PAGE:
The title says it all: quirks and curiosities. And as luck would have it, Paris is packed with them; you just have to know where to look! In this on-going series I offer you some hand picked, photographed and commented oddities which particularly interested me, and I hope will do the same for you. I'm an avid collector of such items so any comments and suggestions you may have would be very welcome. So, without further ado, let's get straight onto...
This is definitely something you could walk past a thousand times without realising it was something much more than an average Parisian wall.
I know, I've done it. Until I started researching for a walk along the route of the old Philippe Auguste wall, that is.
For it passed by this way, you see, and you can see, quite clearly, the interior of one of the many towers which lined its route.
If I remember rightly, because the informative panel has fallen off, this was rediscovered during the construction of an air vent for the new line 14 of the metro, the automatic one with no driver at all at all.
Looking up, the curve of the tower is cosily cuddled by two higher buildings. According to my sources, if you wander around the back and beg entrance to one of the buildings on the other street, there is a place where you can see the back side of this curve. I haven't managed to do so as yet but I'm always open to the opportunity.
Following the old Philippe Auguste wall, which you can easily find out more about by Googling it, around the city is a surprisingly rich experience. There are many visible remains and hints of remains if you know where to look. There's a great book in the legendary Parigramme series (in French) documenting all the various walls and enclosures which have attempted to seal in (or keep barbarians out of) the ever-growing Paris at one time or another.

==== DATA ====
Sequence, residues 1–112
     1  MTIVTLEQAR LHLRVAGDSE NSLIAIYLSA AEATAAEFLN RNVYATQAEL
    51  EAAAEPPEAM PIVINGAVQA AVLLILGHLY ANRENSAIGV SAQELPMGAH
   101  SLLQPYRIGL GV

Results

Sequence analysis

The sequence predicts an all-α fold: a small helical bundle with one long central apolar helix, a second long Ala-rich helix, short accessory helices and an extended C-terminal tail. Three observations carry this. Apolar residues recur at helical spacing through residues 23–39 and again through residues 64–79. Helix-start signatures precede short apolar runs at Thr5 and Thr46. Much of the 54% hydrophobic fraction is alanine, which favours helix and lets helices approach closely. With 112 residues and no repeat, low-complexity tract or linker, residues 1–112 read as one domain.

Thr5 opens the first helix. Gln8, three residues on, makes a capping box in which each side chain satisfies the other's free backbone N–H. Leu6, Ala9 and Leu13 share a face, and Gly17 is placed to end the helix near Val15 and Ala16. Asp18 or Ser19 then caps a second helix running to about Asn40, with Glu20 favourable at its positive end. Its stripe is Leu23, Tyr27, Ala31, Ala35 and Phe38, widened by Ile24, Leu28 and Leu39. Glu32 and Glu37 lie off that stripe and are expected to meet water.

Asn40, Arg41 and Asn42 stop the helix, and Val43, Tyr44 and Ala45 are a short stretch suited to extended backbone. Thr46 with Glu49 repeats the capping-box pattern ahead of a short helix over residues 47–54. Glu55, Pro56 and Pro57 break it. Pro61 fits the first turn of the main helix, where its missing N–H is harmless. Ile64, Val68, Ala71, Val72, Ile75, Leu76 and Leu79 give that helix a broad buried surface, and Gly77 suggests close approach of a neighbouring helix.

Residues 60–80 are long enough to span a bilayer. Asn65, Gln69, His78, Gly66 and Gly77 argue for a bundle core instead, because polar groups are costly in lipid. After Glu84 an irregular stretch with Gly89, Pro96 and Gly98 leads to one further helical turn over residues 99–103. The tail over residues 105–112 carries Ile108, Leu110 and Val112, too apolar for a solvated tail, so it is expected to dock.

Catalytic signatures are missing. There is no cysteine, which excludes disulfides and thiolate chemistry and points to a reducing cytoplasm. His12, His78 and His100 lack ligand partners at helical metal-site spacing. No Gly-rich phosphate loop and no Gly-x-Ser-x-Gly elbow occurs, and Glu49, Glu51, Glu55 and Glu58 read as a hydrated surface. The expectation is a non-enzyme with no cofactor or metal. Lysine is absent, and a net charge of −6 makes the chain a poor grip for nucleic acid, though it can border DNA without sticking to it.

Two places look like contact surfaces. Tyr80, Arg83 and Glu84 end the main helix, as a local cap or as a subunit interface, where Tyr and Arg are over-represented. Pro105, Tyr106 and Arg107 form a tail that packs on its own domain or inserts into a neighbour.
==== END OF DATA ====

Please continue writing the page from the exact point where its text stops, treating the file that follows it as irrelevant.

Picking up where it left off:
Another intriguing aspect of this particular relic can be seen by looking down. My last photo below shows you what you can see quite clearly.
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It appears there was some sort of hollow tube built into the side of the wall itself. This too small for a spiral staircase and I doubt any man would have wanted to be lowered down or hauled up that way either. (The discarded shoe is, I assume, from more recent times.)
So perhaps it was for hoisting up goods or food supplies from down below. Who knows? My book isn't clear on this matter, but does think that the wall may have been hollowed out since its construction - i.e. isn't as thick as it originally was - in order to gain valuable space in later days.
Whatever the truth, it makes a fascinating find and a worthy member of the several vestiges of this unmissable aspect of historic Paris right before, above and below our very eyes.
* Sab Will runsPhoto and Curios Tours in Paris, and also manages a variety of Paris and photography-themed sites and blogs. He writes an illustrated Paris Chronicle every day, runs a Meetup group for Paris lovers, interviews Paris personalities and reviews Paris books (on this blog), and even contributes to the city's street art (shh), so feel free to browse some of the links below and in the right-hand column to find out more about what he gets up to out there...